Posts Tagged ‘Will Burtin’

Unsinkable Brown

Tuesday, November 13th, 2012

unknown, Buffalo Bill's Wild West

Recently, a client asked for brown as a color option on a project. A couple of years ago, I would have resisted. But, brown has slowly been creeping into my mind. First, I found myself admiring the brown tile at the Honolulu Airport. Then, I decided I should move away from my earthquake safe Melmac dinnerware. So, I bought several settings of Heath Ceramics dinnerware.

The Heath colors are subtle, subtle and subtle. Seeing one brown combined with cream or tan plate convinced me that brown could be alright. Some of my favorite design solutions are brown. Does this mean I’m mellowing, or developing, God forbid, good taste? I still resist any attempt to put brown in bathrooms. Brown wall, tiles, fixtures, or accessories should never be used there. I won’t go into details, but how do you know if someone previously had an “episode” in the bathroom if everything isn’t bright white?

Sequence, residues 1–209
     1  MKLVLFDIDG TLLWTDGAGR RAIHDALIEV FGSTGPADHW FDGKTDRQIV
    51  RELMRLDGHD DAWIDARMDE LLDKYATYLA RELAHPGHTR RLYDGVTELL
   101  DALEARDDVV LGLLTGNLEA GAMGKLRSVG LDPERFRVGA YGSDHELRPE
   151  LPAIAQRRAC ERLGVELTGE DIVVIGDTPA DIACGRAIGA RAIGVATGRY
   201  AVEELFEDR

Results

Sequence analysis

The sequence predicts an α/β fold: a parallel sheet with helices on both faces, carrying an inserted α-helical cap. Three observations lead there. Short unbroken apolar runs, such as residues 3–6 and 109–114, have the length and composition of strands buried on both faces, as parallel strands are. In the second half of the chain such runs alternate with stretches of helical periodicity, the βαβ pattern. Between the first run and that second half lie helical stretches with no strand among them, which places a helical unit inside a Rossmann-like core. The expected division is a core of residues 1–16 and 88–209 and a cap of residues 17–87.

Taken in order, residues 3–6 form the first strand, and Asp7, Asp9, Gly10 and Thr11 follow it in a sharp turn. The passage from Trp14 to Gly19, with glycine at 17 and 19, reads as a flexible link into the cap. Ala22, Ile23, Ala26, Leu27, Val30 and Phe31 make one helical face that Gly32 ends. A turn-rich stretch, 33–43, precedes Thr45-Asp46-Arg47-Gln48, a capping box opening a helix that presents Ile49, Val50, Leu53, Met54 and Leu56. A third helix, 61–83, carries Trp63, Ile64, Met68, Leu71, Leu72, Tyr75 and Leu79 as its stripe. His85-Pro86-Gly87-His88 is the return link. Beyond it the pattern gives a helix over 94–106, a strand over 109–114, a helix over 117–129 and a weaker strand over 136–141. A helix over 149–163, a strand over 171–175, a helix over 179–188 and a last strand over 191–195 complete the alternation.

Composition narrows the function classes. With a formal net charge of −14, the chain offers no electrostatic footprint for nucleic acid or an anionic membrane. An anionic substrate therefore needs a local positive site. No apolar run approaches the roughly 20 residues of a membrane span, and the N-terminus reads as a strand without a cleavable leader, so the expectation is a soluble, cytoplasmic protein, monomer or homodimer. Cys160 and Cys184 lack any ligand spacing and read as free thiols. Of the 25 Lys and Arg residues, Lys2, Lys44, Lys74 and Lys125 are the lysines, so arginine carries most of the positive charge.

Heath Ceramics dinnerware

 

Heath Ceramics, plate colors

 

tile, Honolulu Airport

 

Reid Miles, Blowin' Country

 

Tomoko Miho, Nieman Marcus packaging, 1960s

 

Paul Rand, Idea magazine, 1955

 

Josef Muller-Brockmann, concert poster, 1955

 

Saul Bass, Bonjour Tristesse poster, 1959

 

Will Burtin, Scope magazine, 1951

 

A bad brown bathroom, 1977

 

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Tuesday, April 10th, 2012

Will Burtin, Fortune magazine, detail, 1947